Do Non-Qualified Stock Options disqualify me from a SIMPLE?
February 21, 2000
Subject: NQSO income for IRA
Date: Sat, 5 Feb 2000
Your answer to the 11/6/99 NQSO/IRA question said that NQSO income would qualify for an IRA.
Followup question: Like the previous questioner, I have no W-2 earned income. I only have 1099 consulting Schedule C income. I set up a SIMPLE plan (at Fidelity) with me being the employer and employee. Now, I’m consulting (as a 1099 contractor) at a company who granted me NQSO’s. The company has a qualified retirement plan (401(k)) for its employees. By exercising my NQSO, doesn’t this give me “earned income” from the company which makes me an “employee” and therefore disqualifies me from having a SIMPLE. In other words, since the company has a qualified retirement plan, and I have wage (earned?) income from the NQSO exercise, then even though I’m NOT an active participant in the company’s qualified plan, I thought the IRS disallowed me from having a SIMPLE, or an IRA.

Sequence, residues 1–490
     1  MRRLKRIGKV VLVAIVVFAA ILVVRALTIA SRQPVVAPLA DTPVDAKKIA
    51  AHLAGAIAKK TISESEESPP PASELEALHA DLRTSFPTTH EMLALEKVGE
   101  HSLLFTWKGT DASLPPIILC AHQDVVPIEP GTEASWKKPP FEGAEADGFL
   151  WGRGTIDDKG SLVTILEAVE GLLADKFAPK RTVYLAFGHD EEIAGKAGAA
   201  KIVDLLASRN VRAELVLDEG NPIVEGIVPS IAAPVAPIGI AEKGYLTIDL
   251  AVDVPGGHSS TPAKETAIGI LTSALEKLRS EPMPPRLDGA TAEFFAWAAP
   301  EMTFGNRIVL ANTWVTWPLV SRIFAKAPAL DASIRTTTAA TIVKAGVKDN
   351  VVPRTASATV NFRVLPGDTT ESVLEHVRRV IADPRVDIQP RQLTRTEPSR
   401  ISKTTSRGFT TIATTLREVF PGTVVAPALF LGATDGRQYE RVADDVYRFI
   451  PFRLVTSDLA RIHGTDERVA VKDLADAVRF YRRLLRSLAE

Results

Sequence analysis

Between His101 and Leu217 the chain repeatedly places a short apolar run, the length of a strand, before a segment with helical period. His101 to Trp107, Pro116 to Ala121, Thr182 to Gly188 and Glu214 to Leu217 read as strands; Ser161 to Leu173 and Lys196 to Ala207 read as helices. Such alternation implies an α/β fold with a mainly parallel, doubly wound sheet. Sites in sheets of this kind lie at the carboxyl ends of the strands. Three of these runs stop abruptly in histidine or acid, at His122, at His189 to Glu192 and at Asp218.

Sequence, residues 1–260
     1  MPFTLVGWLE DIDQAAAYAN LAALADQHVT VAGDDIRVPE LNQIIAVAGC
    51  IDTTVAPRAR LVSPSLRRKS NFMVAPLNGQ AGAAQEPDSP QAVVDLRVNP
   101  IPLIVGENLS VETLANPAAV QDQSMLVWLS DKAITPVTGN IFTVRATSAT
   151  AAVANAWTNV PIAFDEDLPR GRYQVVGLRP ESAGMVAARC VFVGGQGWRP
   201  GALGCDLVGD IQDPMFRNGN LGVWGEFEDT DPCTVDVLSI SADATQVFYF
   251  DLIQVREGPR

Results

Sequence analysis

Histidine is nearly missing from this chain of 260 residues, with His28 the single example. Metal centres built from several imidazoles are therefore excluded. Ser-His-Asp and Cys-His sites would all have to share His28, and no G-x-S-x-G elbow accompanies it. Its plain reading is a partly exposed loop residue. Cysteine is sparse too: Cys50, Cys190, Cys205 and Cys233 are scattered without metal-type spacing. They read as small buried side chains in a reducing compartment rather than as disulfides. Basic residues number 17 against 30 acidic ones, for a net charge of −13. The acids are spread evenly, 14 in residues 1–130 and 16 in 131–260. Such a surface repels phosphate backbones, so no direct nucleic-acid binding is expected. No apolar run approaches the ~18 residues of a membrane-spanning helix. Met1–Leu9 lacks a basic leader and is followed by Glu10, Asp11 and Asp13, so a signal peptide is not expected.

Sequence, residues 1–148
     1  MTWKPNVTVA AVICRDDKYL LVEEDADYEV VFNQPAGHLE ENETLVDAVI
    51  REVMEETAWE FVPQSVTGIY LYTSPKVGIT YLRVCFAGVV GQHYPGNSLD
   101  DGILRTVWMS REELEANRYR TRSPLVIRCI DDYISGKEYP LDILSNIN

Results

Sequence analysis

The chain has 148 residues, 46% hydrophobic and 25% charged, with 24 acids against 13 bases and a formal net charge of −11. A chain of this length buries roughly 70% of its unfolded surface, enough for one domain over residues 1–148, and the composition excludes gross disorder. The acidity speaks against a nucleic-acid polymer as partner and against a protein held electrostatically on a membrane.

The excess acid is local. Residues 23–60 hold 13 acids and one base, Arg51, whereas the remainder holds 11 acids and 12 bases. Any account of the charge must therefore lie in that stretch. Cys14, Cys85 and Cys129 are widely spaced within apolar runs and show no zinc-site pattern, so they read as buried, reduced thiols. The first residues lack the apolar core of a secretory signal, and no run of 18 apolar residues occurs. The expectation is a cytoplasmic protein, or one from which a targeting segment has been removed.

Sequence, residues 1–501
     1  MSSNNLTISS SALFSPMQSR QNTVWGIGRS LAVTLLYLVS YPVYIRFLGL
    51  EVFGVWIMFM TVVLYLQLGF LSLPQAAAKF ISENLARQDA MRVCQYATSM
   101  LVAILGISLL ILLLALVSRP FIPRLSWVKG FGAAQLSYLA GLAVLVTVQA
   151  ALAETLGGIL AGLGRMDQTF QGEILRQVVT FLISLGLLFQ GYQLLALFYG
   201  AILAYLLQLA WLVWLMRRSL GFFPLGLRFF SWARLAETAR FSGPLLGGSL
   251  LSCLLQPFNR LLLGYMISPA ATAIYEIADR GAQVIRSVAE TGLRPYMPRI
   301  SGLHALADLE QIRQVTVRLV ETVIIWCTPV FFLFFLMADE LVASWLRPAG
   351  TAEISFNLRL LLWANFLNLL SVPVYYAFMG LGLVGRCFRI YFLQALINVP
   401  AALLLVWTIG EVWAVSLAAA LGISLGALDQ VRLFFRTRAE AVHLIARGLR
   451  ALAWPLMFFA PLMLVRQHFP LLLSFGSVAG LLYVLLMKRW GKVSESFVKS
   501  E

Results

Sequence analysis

I hope this makes sense. My guess is that I’m an employee for the purposes of taxation but not for the purpose of being eligible for their qualified retirement plan, so therefore I CAN have my own IRA or SIMPLE.
Follow-up question: As a 1099 contractor who exercises NQSO’s, do I pay the entire 15.3% FICA/medicare tax or does the company give me a W-2 for the “wages” and pay the company’s portion via payroll tax? If it’s “either way”, who decides what to do?
Thank you for the information.
Date: 9 Feb 2000
Unlike incentive stock options, non-qualified stock options can be issued to people who aren’t employees.
The ordinary income that is reported when a NQO is exercised is not wages to be reported on Form W-2, but is additional income to be reported on your Schedule C.
The company is not responsible for withholding taxes when a non-employee exercises a NQO. The non-employee is responsible for making his or her own estimated tax payments.